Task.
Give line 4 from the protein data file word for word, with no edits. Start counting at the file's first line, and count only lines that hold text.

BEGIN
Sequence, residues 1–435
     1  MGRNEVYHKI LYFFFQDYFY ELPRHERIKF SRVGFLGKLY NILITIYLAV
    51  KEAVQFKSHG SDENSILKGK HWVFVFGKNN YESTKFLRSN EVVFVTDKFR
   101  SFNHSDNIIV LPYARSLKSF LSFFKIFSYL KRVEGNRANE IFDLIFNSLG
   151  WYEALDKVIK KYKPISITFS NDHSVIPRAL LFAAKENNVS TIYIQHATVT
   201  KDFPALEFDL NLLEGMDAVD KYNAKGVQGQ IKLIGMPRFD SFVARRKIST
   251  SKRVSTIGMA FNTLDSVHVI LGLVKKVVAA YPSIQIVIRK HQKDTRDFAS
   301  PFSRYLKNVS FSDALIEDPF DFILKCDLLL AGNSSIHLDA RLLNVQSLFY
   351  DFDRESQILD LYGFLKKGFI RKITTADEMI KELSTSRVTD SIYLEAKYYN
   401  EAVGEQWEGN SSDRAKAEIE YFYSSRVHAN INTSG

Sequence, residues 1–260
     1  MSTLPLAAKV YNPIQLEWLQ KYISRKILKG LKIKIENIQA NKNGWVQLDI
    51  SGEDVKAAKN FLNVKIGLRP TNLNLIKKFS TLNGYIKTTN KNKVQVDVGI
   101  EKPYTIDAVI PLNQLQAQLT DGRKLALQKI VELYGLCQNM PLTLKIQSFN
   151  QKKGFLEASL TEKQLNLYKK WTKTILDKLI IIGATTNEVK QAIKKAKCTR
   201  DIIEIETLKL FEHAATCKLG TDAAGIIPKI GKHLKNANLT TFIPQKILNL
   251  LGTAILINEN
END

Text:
   101  SFNHSDNIIV LPYARSLKSF LSFFKIFSYL KRVEGNRANE IFDLIFNSLG